Agota Kristof: Le Troisième mensonge (The Third Lie)
This book takes off where La preuve (The Proof) left off. At least it seems to. Claus, who had returned to his native country at the end of the previous book, is now in prison as his visa has expired. He reminisces about his past life and either he is lying now or was lying in the past for his brother disappears from the story. He admits that he mentioned a brother, but says that the brother was only imaginary. Then the story changes. It seems the story we heard in the first two books was completely erroneous. The twins lived with their parents till the war. Just as the war was starting, their father announced his intention of leaving them to live with another woman. Their mother then produced a gun and killed the father. A ricochet wounded Lucas. Lucas goes to a special centre to help him overcome the effects of the injury while Klaus goes to live with Antonia, his father’s lover, and their daughter, Sarah.
But is this the story? Klaus also leaves the country, as he does in the other books, but this time he helps a stranger who wants to cross the frontier, using him as the lead and, when the stranger is killed by a mine, passes across the frontier. He returns fifty years later to find his brother (as we saw at the end of La preuve (The Proof)), who is living with their mother and is a successful poet and the father of two children. Lucas, however, refuses to recognise Klaus.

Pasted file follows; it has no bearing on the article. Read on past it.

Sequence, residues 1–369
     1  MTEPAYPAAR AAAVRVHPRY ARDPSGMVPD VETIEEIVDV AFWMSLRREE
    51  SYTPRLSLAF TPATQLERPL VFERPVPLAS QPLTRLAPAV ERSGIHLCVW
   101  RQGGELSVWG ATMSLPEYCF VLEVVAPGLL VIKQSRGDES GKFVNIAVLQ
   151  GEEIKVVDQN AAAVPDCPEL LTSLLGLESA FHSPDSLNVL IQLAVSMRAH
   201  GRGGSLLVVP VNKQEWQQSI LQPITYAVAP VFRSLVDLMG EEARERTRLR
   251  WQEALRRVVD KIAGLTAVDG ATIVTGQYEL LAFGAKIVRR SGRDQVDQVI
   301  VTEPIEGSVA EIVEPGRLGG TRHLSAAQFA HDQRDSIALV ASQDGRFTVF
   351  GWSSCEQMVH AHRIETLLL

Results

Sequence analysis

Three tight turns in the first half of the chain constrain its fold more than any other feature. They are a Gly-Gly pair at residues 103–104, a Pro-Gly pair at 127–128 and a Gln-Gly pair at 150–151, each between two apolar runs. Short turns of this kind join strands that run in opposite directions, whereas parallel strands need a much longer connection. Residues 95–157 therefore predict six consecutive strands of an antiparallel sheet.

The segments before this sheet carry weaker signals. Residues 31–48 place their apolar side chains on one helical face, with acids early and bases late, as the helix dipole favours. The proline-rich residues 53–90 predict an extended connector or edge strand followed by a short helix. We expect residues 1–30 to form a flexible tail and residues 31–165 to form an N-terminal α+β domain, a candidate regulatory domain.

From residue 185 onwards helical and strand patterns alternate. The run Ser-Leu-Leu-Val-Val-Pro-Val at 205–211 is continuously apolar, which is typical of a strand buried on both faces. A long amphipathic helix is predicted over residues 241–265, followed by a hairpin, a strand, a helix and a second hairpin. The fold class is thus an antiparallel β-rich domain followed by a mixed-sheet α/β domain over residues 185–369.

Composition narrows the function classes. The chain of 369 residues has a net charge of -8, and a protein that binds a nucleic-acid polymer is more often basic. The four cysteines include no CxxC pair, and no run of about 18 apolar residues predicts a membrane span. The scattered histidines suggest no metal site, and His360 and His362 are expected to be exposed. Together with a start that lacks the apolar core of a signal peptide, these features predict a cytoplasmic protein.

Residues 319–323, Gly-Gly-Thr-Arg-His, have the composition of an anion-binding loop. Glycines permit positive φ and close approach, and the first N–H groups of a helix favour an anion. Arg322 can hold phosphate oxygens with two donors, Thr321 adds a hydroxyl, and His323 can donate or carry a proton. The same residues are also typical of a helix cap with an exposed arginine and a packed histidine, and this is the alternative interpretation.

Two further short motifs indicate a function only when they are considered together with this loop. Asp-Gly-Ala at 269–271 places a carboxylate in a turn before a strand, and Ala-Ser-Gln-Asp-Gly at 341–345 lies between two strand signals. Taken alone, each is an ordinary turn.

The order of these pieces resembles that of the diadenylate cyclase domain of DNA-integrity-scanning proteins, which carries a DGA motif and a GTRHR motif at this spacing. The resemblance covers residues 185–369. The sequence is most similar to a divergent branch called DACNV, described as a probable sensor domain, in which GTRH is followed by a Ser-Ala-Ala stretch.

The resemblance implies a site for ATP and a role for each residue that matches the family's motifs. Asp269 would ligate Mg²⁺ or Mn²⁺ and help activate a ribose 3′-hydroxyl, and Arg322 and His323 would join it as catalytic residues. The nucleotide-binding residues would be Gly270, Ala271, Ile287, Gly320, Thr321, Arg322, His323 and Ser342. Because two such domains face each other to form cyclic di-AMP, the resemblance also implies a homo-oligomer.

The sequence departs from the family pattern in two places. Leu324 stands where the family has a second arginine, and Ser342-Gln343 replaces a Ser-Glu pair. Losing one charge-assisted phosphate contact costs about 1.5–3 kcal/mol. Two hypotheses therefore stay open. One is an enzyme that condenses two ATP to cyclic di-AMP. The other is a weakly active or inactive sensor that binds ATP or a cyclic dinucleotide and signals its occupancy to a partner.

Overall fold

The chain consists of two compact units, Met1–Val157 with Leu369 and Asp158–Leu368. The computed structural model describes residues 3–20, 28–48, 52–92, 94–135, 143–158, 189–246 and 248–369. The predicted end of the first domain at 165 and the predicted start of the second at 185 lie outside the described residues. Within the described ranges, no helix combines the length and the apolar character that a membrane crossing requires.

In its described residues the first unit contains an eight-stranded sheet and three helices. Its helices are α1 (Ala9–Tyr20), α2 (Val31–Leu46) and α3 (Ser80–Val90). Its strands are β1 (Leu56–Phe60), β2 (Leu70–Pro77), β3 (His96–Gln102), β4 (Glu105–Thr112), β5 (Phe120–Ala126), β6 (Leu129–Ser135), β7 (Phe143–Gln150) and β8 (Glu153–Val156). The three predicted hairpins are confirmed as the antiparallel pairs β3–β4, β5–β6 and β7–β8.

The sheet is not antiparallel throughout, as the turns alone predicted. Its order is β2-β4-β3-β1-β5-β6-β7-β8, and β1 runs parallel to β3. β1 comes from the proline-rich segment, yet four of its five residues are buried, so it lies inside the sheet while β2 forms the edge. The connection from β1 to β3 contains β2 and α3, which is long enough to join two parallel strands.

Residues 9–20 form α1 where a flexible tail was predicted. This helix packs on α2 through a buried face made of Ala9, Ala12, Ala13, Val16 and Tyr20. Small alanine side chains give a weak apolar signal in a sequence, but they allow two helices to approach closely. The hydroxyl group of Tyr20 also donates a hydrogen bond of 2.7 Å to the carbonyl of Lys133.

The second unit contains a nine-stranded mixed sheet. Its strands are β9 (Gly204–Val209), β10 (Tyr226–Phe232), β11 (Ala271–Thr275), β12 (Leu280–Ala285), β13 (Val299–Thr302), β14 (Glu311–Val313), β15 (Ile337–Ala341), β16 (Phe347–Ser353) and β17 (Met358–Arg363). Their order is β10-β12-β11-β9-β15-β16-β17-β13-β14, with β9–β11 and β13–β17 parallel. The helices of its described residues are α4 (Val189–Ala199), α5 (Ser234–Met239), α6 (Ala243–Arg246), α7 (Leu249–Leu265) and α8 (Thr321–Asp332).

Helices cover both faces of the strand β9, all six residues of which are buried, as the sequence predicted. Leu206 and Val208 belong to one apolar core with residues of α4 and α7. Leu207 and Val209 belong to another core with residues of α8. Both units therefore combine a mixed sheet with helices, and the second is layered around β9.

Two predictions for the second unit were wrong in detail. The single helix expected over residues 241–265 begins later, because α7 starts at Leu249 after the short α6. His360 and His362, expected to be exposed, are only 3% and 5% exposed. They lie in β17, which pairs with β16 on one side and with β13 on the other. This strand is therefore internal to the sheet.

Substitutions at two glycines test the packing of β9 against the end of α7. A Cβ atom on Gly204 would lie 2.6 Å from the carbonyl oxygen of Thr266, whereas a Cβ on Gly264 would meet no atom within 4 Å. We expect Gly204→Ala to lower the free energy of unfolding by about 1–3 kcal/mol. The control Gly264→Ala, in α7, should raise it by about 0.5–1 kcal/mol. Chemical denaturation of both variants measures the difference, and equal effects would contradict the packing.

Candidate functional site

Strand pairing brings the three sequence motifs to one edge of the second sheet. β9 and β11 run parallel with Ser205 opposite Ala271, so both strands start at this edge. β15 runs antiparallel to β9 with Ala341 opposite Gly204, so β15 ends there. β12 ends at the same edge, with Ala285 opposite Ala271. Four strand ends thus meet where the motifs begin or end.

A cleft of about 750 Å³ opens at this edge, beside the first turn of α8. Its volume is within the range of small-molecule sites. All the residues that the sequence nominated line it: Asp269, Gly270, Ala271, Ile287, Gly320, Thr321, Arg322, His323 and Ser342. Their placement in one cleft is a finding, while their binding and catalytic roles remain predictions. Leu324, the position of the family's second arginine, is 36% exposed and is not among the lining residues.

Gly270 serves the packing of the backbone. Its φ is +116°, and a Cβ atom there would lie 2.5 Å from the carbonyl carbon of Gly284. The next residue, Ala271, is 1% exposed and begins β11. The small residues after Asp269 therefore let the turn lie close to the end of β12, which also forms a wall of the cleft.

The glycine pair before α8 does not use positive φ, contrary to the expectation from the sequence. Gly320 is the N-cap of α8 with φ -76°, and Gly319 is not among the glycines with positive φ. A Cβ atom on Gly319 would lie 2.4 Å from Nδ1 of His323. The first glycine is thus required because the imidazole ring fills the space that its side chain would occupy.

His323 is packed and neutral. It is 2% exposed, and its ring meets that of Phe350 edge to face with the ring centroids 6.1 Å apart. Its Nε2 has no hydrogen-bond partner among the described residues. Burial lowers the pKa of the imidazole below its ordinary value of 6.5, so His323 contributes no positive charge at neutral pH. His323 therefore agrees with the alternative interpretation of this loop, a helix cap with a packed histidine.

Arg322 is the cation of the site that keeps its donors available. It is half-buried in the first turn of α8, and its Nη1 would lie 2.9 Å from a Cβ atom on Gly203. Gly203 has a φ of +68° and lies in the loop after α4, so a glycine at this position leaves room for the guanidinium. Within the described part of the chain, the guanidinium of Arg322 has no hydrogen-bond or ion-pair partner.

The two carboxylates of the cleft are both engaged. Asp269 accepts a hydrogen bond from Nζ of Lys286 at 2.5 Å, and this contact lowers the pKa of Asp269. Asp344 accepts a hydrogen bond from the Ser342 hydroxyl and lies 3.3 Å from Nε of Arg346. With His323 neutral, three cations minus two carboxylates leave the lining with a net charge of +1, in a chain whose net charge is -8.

The emphasis in the first two novels was on the brutalisation of people, particularly children, by war and totalitarianism. The focus on this novel is clearly on truth and identity. Who are we? Are we what we seem? The groundwork for this had been laid in the previous novels when we saw that one of the effects of the war was to separate families, causes records to be lost and change country boundaries so that it was not at all clear who was what and who was related to whom. This is now taken to its logical extreme but, it is clear, Kristof’s message is that we want to belong – to a family, a country, a village, which is why Klaus returns home and tries to find his family, even if it is not his family. For the people of Eastern Europe (as well, of course, of many other countries), it is still not clear.
First published 1991 by Editions du Seuil
First English translation in 1996 by Grove Press
Translated by Marc Romano